African-Americans are disproportionately found on California’s streets — roughly 30% of the state’s unhoused population is black, according to HUD. Several Bay Area regions, including San Francisco and Marin County, have some of the highest rates of black homelessness in the country. A legacy of racial discrimination in rental housing, higher rates of poverty among black families, and overrepresentation in the state’s incarceration and child welfare systems all contribute to the high numbers of African-Americans experiencing homelessness.
A person experiencing homelessness is about twice as likely to be male than female, and significantly more likely to be LGBTQ than in the population at large. A growing proportion are seniors, with new research indicating nearly half fall of seniors on the street fall into homelessness after age 50.
Are they local, or are they coming from somewhere else?
One of the more enduring myths about California’s homeless population is that the vast majority have traveled here from other states, seeking generous government assistance and weather more hospitable to living outdoors. It’s a baseless claim perpetuated by both sides of the aisle — Gov. Newsom has made it repeatedly.
While comprehensive statewide data is lacking, local surveys indicate people living on the streets are typically from the surrounding neighborhood. Example: 70% of San Francisco’s homeless people were housed somewhere in the city when they lost housing; only 8% came from out of state. Three quarters of Los Angeles County’s homeless population lived in the region before becoming homeless.
There’s little evidence to suggest undocumented immigrants constitute a large share of California’s homeless population. But those that are unhoused are particularly difficult to help. Crucial safety net resources such as Social Security, Section 8 housing vouchers and food stamps are unavailable to the undocumented, who often resist engagement with homeless services providers because of deportation fears. Language and cultural barriers also complicate re-housing efforts.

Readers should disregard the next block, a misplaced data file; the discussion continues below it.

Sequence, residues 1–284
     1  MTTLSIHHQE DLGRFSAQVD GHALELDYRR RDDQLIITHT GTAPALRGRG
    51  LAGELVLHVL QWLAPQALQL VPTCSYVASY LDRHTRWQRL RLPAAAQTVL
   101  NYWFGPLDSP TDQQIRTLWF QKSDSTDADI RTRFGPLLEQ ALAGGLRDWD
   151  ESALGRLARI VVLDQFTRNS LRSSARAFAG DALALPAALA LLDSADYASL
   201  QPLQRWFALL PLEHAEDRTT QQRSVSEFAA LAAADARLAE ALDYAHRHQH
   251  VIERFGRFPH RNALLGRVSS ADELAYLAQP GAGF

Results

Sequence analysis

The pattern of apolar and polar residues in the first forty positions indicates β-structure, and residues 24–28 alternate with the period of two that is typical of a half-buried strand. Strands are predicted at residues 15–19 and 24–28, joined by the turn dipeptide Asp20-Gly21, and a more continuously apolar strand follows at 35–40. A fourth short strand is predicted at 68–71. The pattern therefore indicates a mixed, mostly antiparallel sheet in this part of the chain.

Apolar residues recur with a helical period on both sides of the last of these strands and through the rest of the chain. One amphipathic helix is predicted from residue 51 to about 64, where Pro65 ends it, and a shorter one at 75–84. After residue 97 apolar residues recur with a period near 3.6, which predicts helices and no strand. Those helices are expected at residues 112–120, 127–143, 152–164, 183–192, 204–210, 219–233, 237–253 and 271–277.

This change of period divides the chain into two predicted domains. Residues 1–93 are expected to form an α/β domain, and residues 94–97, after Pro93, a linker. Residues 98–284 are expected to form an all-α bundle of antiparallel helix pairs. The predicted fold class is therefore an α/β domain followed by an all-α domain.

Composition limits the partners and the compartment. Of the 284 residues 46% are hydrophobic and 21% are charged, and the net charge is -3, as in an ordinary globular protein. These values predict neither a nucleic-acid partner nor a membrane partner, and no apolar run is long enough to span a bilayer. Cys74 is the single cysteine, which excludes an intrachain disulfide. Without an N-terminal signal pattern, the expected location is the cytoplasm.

A welcome decrease in veteran and family homelessness
Military veterans, at higher risk of mental illness and substance abuse issues, make up a disproportionate share of the country’s homeless population. Roughly 11,000 veterans experience homelessness in California on any given night, about 8% of the state’s total homeless population. Most vets experiencing homelessness are over age 50, and often have significant disabilities and medical conditions that are exacerbated by precarious housing situations. Military members who experienced an episode of sexual trauma during their service are at especially high risk.
The good news is that the number of vets living on the streets has declined significantly over the past decade, both nationally and in California. Experts credit initiatives from the Obama administration incentivizing a “housing-first” approach — where permanent housing is provided without preconditions for addiction or mental health treatment — to help homeless vets. The city of Riverside succeeded in housing all 89 of its homeless veterans after adopting that approach.